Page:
The Diary of Samuel Rogers, 1634-1638
Boydell Press, 2004 - 186 頁
Samuel Rogers began his diary just before his twenty-first birthday. He was a godly minister from godly stock - his grandfather, father and uncle were all part of the Puritan Movement - and his diary begins as Samuel finishes his education at Emmanuel College, Cambridge. Samuel expresses his intense loneliness as chaplain to the unsatisfactory Dennys of Bishops Stortford, and his efforts to obtain comfort from the nearby godly community - including visits to Wethersfield, where his father was lecturer. His isolation eases, and his diary ends, shortly after he is appointed chaplain to the family of Lady Mary de Vere, whose contacts with prominent members of the godly he details in his pages. The diary's unrivalled view, from a day-to-day puritan perspective, of what the 1630s were like for a godly minister 'in the battlefield' makes it a valuable record. For Rogers, everything is of religious relevance: in addition to the social detail of the diary there is also a real and persuasive revelation of the spiritual meaning of Puritanism.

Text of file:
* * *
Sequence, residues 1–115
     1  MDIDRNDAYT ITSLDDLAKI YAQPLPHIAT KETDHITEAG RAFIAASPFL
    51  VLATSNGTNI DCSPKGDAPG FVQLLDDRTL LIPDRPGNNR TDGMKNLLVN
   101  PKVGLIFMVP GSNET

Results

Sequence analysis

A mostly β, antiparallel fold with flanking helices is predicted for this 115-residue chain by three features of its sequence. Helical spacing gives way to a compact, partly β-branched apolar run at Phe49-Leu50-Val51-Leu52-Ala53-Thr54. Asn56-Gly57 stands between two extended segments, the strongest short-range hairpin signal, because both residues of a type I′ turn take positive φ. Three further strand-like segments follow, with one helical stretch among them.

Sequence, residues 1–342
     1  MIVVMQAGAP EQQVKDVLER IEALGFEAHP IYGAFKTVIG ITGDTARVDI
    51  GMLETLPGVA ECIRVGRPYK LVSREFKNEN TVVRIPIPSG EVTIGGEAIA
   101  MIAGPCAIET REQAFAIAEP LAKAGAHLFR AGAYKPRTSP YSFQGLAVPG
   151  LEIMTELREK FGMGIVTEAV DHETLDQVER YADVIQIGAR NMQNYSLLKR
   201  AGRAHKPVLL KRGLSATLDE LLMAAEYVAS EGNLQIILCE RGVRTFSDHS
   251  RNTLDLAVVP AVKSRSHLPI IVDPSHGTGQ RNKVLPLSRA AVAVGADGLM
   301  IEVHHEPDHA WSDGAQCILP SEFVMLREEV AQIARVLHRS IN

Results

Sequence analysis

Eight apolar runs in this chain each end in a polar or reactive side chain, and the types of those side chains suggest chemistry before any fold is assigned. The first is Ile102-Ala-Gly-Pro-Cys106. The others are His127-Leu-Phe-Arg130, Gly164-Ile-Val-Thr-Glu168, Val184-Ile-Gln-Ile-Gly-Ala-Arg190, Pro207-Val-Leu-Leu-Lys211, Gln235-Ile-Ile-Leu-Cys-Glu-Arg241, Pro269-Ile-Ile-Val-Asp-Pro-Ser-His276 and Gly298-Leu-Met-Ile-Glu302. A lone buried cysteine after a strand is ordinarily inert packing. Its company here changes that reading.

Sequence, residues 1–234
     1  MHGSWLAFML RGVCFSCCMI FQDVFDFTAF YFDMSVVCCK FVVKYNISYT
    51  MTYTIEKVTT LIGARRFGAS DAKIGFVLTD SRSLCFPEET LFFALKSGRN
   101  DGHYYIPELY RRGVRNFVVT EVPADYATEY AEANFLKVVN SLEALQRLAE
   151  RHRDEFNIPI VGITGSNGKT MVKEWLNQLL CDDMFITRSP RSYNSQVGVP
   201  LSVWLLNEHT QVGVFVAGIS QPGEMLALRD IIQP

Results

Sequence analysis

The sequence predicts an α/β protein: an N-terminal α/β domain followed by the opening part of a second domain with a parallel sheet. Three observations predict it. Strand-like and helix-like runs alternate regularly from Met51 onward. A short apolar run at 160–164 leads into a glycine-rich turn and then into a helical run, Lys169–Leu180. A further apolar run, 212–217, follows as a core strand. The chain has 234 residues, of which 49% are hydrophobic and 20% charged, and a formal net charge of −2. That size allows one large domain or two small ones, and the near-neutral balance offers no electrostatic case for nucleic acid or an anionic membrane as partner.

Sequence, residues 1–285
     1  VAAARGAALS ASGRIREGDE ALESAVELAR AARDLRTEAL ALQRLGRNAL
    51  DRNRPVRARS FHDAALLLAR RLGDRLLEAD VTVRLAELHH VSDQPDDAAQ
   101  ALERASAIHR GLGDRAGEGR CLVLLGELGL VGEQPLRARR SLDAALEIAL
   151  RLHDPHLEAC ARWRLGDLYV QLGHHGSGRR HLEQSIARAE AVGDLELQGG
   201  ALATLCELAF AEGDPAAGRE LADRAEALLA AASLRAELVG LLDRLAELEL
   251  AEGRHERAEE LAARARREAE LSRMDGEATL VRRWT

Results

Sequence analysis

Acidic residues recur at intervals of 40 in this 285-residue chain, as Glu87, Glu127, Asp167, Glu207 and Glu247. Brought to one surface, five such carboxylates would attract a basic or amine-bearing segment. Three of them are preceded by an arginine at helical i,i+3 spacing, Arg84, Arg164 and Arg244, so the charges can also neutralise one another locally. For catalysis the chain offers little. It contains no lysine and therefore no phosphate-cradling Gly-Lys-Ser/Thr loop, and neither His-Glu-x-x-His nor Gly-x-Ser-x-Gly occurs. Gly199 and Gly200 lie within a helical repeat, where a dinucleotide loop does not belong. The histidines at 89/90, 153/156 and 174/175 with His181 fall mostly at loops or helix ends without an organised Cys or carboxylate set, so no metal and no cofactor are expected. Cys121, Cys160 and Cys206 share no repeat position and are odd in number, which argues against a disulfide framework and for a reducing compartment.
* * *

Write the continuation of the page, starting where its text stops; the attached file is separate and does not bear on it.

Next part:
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ab:[out ag:[ainst Arminianism atque bec:[ause Bishop's Stortford blessed Cambridge caryed mee Christ church comfort companye covenant creature dailye Daniel Rogers dayes dead deare diary domine draw neere dutyes Earls Colne Emmanuel College England Essex faith fasting father give mee Glossary grace Harlakenden Hatfield Broad Oak hath bine heart heaven injoy John John Davenport L[or]d hath Lady Denny Lady Vere let mee libertye litle live London looke Lord hath lye downe Mary Matthew Wren mercye meum mihi minister mourne myne eyes neere to mee ocasions of[f oh L[or]d oh Lord ordinances peace pore praise pray prayer preaching puritan quickned refreshed rejoice Richard Rogers Saboath sacrament saints Samuel Rogers scarse Sedgwick sermon shee shew mee sinking smiles soule sp:[irit spirit straitned strength sweet sweetly thawed thee thou thoughts thy selfe thyne armes Tom Webster troubled unto untoward walke Wethersfield wherin William Sedgwick wretch